(Crimp it once.) The crimper pushes two plungers down on the RJ-45 plug. One forces what amounts to a cleverly designed plastic plug/wedge onto the cable jacket and very firmly clinches it. The other seats the "pins," each with two teeth at its end, through the insulation and into the conductors of their respective wires.

8. Test the crimp... If done properly an average person will not be able to pull the plug off the cable with his or her bare hands. And that quite simply, besides lower cost, is the primary advantage of twisted-pair cables over the older thinwire, coaxial cables. In fact, I would say the RJ-45 and ease of its installation is the main reason coaxial cable is no longer widely used for small Ethernets. But, don't pull that hard on the plug. It could stretch the cable and change its characteristics. Look at the side of the plug and see if it looks like the diagram and give it a fairly firm tug to make sure it is crimped well.

9. Prepare the other end of the cable so it has the desired end and crimp.

10. If both ends of the cable are within reach, hold them next to each other and with RJ-45 clips facing away. Look through the bottom of the plugs. If the plugs are wired correctly, and they are identical, it is a straight-thru cable. If they are wired correctly and they are different, it is a crossover cable.


11. If you have an operational network, test the cable. Copy some large files. 12. If the cable doesn't work, inspect the ends again and make sure you have the right cable and that it is plugged into the correct units for the type of cable. Try power-cycling (cold booting) the involved computers.

13. If you have many straight-thru cables and a crossover cable in your system, you should consider labeling the crossover cable or using a different colored cable for the crossover cable so you don't mix them up. I do not recommend implementing the crossover function, as recommended elsewhere, with two RJ-45 jacks, appropriately wired back to back, and two straight-thru cables. This method costs noticeably more, introduces more than the necessary number of components and connections, increases the complexity and time of assembly, and decreases reliability.


1. Try to avoid running cables parallel to power cables.

2. Do not bend cables to less than four times the diameter of the cable.

3. If you bundle a group of cables together with cable ties (zip ties), do not over-cinch them. It's okay to snug them together firmly; but don't tighten them so much that you deform the cables.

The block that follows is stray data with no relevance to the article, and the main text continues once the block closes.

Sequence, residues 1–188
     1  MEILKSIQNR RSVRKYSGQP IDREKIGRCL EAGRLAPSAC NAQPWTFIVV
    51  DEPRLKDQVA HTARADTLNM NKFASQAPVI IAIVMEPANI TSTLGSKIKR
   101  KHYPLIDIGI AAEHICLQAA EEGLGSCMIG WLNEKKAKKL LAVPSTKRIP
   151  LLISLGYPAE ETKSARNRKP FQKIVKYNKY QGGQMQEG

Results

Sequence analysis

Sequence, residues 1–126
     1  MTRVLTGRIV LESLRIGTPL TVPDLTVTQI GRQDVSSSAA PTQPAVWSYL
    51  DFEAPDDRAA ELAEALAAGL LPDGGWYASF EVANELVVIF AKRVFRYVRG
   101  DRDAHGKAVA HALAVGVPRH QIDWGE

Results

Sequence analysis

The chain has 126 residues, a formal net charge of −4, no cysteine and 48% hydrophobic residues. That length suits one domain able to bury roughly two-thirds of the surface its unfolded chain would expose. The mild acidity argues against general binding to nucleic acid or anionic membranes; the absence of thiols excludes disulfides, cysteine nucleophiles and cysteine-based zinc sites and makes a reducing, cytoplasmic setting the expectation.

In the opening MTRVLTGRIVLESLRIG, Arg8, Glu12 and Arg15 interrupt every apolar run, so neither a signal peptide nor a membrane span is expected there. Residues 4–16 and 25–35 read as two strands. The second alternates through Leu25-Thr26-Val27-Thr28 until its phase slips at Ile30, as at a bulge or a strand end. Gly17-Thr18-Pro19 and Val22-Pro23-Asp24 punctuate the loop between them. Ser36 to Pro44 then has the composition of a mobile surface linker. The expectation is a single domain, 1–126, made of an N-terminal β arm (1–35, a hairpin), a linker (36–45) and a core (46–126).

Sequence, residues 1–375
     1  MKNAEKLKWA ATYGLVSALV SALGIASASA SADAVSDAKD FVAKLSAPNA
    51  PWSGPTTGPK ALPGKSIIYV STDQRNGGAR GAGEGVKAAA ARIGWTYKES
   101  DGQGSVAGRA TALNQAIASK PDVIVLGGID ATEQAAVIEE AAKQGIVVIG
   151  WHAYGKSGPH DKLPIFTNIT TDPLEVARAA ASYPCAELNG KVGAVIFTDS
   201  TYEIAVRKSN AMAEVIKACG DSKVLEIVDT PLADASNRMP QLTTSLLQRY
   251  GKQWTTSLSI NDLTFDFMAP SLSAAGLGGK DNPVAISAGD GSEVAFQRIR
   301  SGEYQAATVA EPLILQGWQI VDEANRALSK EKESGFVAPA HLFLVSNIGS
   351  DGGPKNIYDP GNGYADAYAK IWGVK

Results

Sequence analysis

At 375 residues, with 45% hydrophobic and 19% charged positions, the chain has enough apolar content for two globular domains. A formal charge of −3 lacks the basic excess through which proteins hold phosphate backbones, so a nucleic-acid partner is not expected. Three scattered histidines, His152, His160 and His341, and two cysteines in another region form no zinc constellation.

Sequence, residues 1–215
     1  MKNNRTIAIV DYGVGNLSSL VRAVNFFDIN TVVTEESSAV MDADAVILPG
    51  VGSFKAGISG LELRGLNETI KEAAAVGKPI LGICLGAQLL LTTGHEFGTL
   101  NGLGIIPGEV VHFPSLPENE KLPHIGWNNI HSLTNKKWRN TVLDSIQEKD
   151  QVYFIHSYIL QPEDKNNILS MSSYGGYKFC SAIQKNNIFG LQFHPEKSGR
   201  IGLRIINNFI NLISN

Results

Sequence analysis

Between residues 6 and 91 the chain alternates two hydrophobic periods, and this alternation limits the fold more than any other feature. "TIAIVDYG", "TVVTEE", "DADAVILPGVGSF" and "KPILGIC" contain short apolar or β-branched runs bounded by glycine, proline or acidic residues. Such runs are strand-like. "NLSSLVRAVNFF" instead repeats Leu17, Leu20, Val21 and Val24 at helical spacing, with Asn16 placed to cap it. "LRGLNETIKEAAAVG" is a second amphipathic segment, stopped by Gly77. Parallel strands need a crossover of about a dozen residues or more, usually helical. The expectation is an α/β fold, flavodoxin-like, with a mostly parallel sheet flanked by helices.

4. Keep cables away from devices which can introduce noise into them. Here's a short list: copy machines, electric heaters, speakers, printers, TV sets, fluorescent lights, copiers, welding machines, microwave ovens, telephones, fans, elevators, motors, electric ovens, dryers, washing machines, and shop equipment.

5. Avoid stretching UTP cables (tension when pulling cables should not exceed 25 LBS).

6. Do not run UTP cable outside of a building. It presents a very dangerous lightning hazard!

7. Do not use a stapler to secure UTP cables. Use telephone wire/RG-6 coaxial wire hangers which are available at most hardware stores.


Experiment no 3

Aim: Introduction to Motherboard & Installation of LAN Card


Introduction to motherboards

The primary component of a computer is the motherboard (sometimes called the

"mainboard"). The motherboard is the hub which is used to connect all of the computer's essential components.

As its name suggests, the motherboard acts as a "parent" board, which takes the form of a large printed circuit with connectors for expansion cards, memory modules, the processor,



There are several ways in which a motherboard can be characterised, in particular the following:

 the chipset,

 the type of processor socket used,  the input-output connectors.


Integrated components

The motherboard includes some on-board components, meaning that they are integrated into its printed circuitry:

 The chipset, a circuit which controls the majority of resources (including the bus interface with the processor, cache memory and random-access memory, expansion cards, etc.)

 The CMOS clock and battery,  The BIOS,

 The system bus and the expansion bus.

What's more, recent motherboards generally include a number of onboard multimedia and networking devices which can be disabled:

 integrated network card;  integrated graphics card;  integrated sound card;

 upgraded hard drive controllers.

The chipset

The chipset is an electronic circuit whose job is to coordinate data transfers between the various components of the computer (including the processor and memory). As the chipset is integrated into the motherboard, it is important to choose a motherboard which includes a recent chipset, in order to maximise the computer's upgradeability.

The CMOS clock and battery

When the computer is turned off, the power supply stops providing electricity to the

motherboard. When the computer is turned on again, the system is still on the right time. An electronic circuit, called the CMOS (Complementary Metal-Oxyde Semiconductor, sometimes called the BIOS CMOS), saves some system information, such as the time, the system date, and a few essential system settings.

The CMOS is kept powered by a battery (a button battery), or a battery located on the motherboard. Information on the hardware installed in the computer (such as the number of tracks or sectors on each hard drive) are stored in the CMOS. As the CMOS is a form of slow storage, certain systems sometimes recopy the CMOS's content into the RAM (fast storage); the term "memory shadow" is used to describe this process of copying the data into RAM.